Thursday,25 April, 2019
Current issue | Issue 1438, (11 - 17 April 2019)
Thursday,25 April, 2019
Issue 1438, (11 - 17 April 2019)

Ahram Weekly

Drop in car sales

Weak purchasing power accompanied by a boycott campaign caused car sales to fall in February, reports Nesma Nowar

 

Drop in car sales
Drop in car sales

Egypt’s vehicle sales dropped by 5.2 per cent year-on-year in February to stand at 10,857 vehicles from 11,454 last year, figures from the Automotive Information Council (AMIC) showed this week.

Passenger car sales fell nine per cent year-on-year in February to reach 6,980 units. Bus and truck sales, meanwhile, increased by four per cent and three per cent year-on-year, respectively, according to the AMIC.

The decline has been attributed by some observers to the social-media campaign “Let it Rust”, which calls on people to stop buying cars to curb price rises.

The campaign was launched towards the end of 2018 to protest against the high prices of cars in Egypt.

It went viral in early January as consumers continued to wait for a decrease in automotive prices following the full elimination of custom tariffs on European cars within the framework of the free-trade agreement with the EU that went into effect at the beginning of the year.

Since its inception, the campaign has garnered one and a half million supporters.

Although the full elimination of tariffs on EU cars has caused prices to go down, campaigners say they need to go lower. The campaign also demands that regulations be put in place on the rights of customers and car-dealers, including on fixed margins for dealerships, distributors and vendors.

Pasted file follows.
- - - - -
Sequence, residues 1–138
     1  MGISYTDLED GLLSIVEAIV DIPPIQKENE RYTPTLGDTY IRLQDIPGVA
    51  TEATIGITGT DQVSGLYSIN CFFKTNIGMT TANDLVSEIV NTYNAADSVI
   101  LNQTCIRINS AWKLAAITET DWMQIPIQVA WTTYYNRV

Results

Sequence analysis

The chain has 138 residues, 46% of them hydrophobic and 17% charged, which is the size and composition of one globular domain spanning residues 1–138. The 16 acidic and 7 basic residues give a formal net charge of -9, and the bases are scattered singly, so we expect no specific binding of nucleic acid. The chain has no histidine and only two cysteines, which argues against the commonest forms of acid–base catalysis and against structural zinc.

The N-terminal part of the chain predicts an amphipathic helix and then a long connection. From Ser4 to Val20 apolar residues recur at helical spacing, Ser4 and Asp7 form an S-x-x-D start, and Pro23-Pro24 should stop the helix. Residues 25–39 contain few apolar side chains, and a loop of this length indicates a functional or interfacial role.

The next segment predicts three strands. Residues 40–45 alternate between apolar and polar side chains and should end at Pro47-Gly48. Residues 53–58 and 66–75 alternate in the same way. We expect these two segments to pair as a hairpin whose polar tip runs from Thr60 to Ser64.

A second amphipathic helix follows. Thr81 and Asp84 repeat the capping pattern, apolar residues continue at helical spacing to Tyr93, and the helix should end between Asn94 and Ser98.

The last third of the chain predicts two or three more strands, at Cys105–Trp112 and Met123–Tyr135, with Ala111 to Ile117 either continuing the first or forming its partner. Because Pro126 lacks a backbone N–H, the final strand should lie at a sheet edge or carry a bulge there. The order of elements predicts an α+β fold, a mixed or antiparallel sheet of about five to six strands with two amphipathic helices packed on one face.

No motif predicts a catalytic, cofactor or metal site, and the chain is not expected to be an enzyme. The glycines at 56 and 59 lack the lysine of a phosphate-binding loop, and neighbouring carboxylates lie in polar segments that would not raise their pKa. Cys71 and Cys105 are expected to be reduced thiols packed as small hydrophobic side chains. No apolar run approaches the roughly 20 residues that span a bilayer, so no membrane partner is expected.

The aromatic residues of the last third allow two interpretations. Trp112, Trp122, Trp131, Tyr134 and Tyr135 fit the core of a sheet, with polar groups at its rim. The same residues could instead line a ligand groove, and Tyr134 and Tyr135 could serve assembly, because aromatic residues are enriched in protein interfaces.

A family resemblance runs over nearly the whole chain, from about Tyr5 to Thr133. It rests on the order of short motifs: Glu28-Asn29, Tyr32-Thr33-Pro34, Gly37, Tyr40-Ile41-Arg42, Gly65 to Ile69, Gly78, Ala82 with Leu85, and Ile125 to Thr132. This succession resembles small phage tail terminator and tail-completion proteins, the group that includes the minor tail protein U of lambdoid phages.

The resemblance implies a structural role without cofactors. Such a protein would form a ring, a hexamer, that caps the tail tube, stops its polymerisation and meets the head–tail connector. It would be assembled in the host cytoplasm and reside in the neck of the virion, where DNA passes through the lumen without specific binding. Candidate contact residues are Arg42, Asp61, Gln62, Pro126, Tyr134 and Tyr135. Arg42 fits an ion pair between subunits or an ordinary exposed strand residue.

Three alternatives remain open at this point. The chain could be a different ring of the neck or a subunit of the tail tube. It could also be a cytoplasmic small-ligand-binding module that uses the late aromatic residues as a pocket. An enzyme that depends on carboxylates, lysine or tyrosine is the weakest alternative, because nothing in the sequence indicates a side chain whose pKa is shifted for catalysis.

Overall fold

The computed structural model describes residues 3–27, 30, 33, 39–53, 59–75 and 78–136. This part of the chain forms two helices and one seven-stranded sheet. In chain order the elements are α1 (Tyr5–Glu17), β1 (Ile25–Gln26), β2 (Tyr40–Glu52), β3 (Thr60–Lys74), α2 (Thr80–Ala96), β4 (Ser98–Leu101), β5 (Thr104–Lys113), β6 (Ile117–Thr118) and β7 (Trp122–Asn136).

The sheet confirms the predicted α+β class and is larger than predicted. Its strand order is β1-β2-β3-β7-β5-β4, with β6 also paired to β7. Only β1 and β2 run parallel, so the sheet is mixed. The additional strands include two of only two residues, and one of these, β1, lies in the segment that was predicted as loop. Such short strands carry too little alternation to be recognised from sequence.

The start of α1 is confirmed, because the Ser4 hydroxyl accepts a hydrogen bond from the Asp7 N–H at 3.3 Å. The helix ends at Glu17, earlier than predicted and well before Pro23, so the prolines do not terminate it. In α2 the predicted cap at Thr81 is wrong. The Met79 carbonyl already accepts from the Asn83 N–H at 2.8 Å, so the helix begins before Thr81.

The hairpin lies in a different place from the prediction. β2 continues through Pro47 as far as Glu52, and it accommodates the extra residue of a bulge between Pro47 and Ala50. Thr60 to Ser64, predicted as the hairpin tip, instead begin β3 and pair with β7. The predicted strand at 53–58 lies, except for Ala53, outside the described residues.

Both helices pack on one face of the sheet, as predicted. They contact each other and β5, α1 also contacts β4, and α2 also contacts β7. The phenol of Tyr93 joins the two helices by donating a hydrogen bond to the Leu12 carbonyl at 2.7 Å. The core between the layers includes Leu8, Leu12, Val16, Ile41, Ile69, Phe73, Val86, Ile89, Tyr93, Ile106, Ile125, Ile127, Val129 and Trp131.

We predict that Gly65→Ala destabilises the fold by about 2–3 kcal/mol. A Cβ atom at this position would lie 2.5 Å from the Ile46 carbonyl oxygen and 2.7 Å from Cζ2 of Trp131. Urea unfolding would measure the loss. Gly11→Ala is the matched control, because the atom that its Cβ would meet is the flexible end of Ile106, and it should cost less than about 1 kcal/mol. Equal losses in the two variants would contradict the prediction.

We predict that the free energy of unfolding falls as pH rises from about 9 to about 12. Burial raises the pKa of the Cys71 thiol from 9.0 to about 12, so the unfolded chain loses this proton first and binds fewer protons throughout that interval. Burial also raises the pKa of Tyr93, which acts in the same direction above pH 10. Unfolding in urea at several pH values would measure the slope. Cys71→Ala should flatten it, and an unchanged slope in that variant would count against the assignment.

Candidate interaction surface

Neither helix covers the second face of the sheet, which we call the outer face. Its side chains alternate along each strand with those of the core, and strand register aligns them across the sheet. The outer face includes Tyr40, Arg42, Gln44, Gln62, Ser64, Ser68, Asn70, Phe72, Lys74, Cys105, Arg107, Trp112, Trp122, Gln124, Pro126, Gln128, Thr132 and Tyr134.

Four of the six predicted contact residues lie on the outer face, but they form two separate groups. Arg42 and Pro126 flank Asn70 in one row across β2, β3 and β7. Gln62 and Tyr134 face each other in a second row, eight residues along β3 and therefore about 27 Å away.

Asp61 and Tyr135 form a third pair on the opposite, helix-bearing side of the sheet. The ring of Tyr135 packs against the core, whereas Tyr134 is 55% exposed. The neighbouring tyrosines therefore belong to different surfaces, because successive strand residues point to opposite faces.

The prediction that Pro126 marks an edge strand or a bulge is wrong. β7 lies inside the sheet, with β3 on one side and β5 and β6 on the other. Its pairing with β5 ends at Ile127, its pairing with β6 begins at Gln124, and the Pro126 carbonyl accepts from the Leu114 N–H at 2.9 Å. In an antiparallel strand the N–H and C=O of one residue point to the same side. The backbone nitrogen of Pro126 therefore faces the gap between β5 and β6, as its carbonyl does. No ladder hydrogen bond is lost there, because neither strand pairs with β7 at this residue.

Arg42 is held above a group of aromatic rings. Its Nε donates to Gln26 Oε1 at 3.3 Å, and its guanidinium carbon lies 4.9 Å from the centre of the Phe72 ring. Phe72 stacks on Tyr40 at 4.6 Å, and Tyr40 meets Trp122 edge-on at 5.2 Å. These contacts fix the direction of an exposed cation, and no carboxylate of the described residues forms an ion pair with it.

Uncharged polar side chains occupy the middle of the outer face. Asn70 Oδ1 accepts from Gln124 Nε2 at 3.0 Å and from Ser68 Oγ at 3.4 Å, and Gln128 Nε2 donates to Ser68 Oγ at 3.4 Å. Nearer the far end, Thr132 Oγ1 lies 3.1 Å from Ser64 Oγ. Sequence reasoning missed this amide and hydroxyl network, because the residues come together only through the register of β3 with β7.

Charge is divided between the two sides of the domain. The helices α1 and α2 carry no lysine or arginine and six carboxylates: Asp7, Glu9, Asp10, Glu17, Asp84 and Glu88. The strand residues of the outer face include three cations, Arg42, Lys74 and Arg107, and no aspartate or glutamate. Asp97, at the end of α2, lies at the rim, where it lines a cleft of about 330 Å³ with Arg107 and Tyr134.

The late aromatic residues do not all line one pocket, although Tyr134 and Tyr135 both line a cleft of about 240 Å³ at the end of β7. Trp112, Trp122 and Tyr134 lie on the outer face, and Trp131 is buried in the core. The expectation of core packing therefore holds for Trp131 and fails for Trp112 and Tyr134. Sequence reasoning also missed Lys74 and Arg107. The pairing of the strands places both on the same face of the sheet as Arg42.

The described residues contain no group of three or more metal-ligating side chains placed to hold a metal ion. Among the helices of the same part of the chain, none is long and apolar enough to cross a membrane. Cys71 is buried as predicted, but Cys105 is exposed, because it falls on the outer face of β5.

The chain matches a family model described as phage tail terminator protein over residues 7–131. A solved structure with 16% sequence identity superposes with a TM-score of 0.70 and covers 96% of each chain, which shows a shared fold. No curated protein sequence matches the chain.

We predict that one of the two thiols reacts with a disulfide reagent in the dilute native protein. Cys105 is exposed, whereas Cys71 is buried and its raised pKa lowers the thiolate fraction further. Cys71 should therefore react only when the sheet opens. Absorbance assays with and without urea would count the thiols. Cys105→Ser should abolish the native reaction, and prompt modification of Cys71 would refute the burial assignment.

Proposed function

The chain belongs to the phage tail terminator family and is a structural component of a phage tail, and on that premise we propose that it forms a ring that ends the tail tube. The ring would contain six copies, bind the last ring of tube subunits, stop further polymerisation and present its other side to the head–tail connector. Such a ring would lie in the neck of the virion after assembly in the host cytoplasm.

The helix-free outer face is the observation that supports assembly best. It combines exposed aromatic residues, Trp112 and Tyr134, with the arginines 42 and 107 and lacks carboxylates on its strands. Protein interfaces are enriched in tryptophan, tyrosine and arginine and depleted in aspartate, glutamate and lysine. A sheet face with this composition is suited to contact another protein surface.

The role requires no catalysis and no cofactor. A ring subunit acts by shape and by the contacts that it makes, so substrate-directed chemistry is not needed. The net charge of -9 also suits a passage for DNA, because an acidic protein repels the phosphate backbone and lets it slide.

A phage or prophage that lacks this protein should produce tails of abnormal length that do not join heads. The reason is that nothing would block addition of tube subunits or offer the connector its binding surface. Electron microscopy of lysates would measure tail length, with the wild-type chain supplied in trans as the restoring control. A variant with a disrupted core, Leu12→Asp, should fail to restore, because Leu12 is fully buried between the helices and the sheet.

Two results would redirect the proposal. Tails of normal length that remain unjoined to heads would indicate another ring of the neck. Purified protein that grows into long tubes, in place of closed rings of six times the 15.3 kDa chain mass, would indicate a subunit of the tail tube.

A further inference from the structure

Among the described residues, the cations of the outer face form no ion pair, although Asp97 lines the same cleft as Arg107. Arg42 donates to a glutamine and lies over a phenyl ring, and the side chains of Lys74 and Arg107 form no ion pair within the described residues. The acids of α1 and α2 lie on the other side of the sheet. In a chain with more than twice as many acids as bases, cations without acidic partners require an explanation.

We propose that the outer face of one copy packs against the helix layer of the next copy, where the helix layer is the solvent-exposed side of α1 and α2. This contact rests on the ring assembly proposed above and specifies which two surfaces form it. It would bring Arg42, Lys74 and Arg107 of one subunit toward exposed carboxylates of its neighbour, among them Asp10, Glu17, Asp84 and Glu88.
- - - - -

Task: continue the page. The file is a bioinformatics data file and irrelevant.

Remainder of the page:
Following the tariff elimination, prices for non-luxury passenger vehicles from the EU dropped by between LE20,000 and LE40,000. Luxury car prices decreased by around LE100,000 to LE150,000.

Supporters of the campaign, however, are not satisfied with these decreases, saying that the campaign will continue until a fair price and profit margins are reached.

One employee at one of Cairo’s car-dealerships said that the boycott campaign had played a role in the decline in sales because of its outreach. He added that the prices of some cars had indeed gone down.

He also said that car sales had been hit hard by the devaluation of the Egyptian pound in late 2016 as it had slashed incomes in the country by some 50 per cent. He said the weakened purchasing power of many people had negatively affected the car market.

Noureddin Darwish, deputy head of the Cars Division at the Cairo Chamber of Commerce, attributed the decline in sales to the weakened purchasing power of customers. He said that this had not only affected the car market, but had impacted other commodities as well.

He added that the car market had been seeing a drop in sales since October 2018 and since the announcement of the elimination of custom duties on cars imported from Europe.

“When the price of any commodity goes down, customers hold back in the hope of further price decreases,” Darwish told Al-Ahram Weekly. “This is the main reason behind the drop in car sales over the last few months,” he added.

He said that the “Let it Rust” campaign had played a role in the sales drop, but it had not been the main reason.

There was stagnation in the Egyptian market in general, he said, including the car market. Car sales in March had begun to rebound, but the figures were below expectation, he added.

Raafat Masrouga, honorary president of the AMIC, said in February that the “Let it Rust” campaign had contributed to a slowdown in car sales by 35 to 40 per cent in January and February.

He said that the target had been to sell 20,000 vehicles after the full elimination of the custom tariffs, but fewer than 12,000 cars had been sold in January.

Egypt’s car sales fell 42 per cent month-on-month in January to 11,460 vehicles from 19,804 in December, according to data from the AMIC.

January’s sales, meanwhile, were up 10.8 per cent year-on-year, but that was well below the average monthly year-on-year increase of 39.3 per cent from 2017 to 2018.

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